Dec 9, 2013
Women in Afghanistan
Posted on Nov 28, 2006
Editor’s note: With the resurgence of the Taliban, women in Afghanistan are once again rated by the United Nations as being “among the worst-off in the world.” Learn more about their plight in the companion piece to Christian Parenti’s larger article “Afghan Autopsy.”
In Kabul many professional women no longer wear the burka, but many still do. In the countryside a severe version of purdah—the Muslim principle of secluding and protecting women—is so strictly enforced that many men never touch or see a woman other than their mothers or pre-pubescent sisters and cousins until well into their late 20s.
One feature of post-Taliban life has been a rise in prostitution. The Revolutionary Association of the Women of Afghanistan claims that as many as 25,000 Afghan women worked as prostitutes just after the fall of the Taliban. Many, many thousands still do today.
Instead of dealing with the problem of sex trafficking and abuse of women, the Karzai government launched a highly symbolic crackdown on Chinese-run brothels in Kabul. In March 2006 the government raided 11 brothels and deported 47 Chinese women. The raids made for great political theater but did not really address women’s need for economic support and protection from predators.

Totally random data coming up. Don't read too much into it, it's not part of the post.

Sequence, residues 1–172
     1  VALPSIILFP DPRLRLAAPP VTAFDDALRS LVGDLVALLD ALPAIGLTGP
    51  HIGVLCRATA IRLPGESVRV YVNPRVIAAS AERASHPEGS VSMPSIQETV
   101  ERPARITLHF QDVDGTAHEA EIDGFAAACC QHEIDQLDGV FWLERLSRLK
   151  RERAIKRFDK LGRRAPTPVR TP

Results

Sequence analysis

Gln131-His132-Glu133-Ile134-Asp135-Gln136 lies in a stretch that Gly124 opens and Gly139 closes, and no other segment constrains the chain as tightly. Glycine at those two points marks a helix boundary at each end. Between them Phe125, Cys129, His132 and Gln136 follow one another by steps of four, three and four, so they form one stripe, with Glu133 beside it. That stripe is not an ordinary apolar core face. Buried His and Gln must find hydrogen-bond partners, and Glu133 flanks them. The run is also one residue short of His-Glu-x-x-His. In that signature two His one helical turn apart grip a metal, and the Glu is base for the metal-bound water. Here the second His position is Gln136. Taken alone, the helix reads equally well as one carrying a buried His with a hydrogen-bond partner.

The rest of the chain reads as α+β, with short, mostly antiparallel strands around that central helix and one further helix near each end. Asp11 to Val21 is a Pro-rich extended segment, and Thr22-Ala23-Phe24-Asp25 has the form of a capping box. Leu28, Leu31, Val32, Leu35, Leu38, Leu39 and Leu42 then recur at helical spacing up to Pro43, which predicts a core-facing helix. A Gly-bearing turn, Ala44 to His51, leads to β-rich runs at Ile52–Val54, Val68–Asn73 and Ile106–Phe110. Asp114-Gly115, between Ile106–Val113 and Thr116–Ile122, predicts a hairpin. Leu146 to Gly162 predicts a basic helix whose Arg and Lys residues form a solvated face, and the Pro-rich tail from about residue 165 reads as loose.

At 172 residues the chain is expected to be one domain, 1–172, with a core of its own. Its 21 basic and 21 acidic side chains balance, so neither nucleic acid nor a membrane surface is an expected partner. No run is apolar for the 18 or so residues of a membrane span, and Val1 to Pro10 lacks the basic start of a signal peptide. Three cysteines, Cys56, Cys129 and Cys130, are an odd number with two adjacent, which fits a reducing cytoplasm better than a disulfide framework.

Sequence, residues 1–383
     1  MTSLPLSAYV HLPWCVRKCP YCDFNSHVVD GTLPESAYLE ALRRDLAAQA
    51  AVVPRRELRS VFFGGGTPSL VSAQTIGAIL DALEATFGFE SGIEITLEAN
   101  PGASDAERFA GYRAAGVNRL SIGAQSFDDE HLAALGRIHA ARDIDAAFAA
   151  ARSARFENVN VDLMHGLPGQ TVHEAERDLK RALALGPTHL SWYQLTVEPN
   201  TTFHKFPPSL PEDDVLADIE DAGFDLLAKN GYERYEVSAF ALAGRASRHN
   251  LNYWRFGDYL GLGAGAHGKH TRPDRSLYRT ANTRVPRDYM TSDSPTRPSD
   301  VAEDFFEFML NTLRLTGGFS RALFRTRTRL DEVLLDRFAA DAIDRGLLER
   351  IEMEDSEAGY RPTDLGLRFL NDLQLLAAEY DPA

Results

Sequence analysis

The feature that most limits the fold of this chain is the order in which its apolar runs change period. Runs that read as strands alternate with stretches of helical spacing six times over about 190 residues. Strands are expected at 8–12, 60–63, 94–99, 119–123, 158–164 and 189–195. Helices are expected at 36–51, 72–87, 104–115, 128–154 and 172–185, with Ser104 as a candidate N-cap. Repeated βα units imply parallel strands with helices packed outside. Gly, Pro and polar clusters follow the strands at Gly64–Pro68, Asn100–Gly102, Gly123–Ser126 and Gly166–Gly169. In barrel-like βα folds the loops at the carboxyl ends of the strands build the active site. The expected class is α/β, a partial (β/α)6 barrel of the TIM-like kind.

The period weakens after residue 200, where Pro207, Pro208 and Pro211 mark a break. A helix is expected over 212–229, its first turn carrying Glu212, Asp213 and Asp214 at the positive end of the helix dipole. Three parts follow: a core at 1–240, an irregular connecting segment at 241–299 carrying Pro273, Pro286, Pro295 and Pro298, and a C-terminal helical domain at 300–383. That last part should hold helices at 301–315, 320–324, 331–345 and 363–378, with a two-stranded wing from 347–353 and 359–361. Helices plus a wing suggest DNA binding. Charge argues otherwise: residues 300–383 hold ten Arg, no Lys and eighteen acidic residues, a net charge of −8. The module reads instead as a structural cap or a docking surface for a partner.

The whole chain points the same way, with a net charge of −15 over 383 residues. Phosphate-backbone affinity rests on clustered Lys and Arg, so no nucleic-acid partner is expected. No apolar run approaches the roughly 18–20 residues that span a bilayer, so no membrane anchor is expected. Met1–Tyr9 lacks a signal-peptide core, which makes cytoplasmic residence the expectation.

In the countryside, poverty has been linked to a small but notable increase in the sale of child brides. Marrying off girls as young as 11 to men in their 30s and even older has been common in Afghanistan for centuries. But now with drought and war leaving family economies in ruin, daughters seem to be sold off with greater frequency.
True, women hold 27 percent of the seats in the National Assembly and one-sixth of the seats in the Upper House. But most Afghan women remain illiterate, impoverished and vulnerable to political and criminal violence. Only 15 percent of Afghan woman can read. The United Nations has described Afghan women as being “among the worst-off in the world.” On average, women in Afghanistan die at least 20 years younger than women elsewhere.
Most rural Afghan women have no access to healthcare during pregnancy. One U.N. report noted: “Afghanistan’s Maternal Mortality Ratio (MMR) is estimated at 1,600 to 1,900 maternal deaths per 100,000 live births, which is one of the highest in the world.” All basic poverty measures put Afghanistan near the bottom of the U.N.‘s Human Development Index, and women are still at the bottom of Afghan society.
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